(Australia 06 Feb 1915 – 16 Aug 1989)
- Not on display
- Further information
During his time in London as a young artist, Donald Friend was inspired to visit West Africa and see first-hand the tribal art that was influencing contemporary European artists such as Picasso and Braque. Travelling to Nigeria in 1938, he lived for a time at Ikerre in Ekiti province where, provided with a large house and servants in the compound of the Ogoga (ruler), Friend pursued his interest in the culture of the local Yoruba people. He drew, painted, observed their customs and way of life and recorded his impressions in a detailed manuscript that he intended for publication – but which was eventually abandoned. This is one of a number of drawings that he created to accompany that text. They illustrate a range of subjects from Yoruba artefacts or early brass heads, to Benin bronzes and contemporary wood-carvings incorporated into buildings.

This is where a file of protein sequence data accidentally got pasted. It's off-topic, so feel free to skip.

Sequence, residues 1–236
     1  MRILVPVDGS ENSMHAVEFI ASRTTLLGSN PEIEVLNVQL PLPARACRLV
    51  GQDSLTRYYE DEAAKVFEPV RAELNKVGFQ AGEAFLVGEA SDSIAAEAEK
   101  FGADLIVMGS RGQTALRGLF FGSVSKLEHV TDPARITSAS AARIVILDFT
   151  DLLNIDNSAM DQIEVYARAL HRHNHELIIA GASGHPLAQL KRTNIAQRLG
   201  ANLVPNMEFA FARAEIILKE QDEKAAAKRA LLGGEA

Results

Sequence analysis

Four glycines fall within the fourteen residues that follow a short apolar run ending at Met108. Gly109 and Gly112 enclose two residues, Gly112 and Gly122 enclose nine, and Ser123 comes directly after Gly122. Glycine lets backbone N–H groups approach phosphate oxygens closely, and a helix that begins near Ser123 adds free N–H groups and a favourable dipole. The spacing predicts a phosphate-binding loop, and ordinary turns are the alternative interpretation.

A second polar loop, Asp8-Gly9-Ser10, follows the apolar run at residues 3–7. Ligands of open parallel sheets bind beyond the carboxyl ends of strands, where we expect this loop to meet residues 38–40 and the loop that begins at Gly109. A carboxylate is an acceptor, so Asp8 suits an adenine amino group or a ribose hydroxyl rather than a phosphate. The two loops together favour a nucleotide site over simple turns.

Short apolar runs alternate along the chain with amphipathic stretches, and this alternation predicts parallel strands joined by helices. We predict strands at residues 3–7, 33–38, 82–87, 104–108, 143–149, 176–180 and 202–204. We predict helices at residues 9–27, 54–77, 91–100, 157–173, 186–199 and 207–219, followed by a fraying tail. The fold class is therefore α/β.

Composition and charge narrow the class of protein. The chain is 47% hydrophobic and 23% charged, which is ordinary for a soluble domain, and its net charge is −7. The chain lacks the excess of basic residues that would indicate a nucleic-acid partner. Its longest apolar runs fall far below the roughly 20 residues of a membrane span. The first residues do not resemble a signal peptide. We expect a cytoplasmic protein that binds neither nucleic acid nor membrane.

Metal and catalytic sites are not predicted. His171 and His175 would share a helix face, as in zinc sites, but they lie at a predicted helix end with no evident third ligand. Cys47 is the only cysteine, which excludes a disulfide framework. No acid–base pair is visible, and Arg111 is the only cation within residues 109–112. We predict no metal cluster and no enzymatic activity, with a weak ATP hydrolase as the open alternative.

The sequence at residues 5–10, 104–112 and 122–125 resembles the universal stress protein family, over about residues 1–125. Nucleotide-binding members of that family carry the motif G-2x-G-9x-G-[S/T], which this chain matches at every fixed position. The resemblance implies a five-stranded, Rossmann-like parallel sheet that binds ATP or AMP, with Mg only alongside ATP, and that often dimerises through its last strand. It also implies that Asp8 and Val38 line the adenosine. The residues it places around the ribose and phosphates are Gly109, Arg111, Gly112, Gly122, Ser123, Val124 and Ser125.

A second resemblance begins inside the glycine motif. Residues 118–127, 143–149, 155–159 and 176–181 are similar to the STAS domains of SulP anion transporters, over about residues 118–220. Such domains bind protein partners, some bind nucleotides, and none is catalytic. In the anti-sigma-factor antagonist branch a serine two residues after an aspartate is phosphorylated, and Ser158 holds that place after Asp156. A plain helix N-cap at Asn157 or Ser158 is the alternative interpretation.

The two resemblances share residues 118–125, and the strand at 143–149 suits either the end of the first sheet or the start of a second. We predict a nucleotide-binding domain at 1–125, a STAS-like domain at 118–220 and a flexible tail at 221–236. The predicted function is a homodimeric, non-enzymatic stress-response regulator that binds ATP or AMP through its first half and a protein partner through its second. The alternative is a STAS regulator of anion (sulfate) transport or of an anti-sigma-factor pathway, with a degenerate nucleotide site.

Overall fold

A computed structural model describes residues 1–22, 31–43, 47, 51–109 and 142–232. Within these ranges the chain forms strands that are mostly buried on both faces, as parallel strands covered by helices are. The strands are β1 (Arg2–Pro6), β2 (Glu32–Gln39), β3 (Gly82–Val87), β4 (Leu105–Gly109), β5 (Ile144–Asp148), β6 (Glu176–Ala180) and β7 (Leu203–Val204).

- Place of origin
- pencil, pen, brush and ink on cream laid paper
- 21.8 x 20.7 cm sheet
- Signature & date
Signed l.r. corner, black ballpoint pen "D.F.". Not dated.
- Margaret Hannah Olley Art Trust 1992
- Accession number
- © Reproduced with permission of the Estate of Donald Friend. Licensed by Copyright Agency.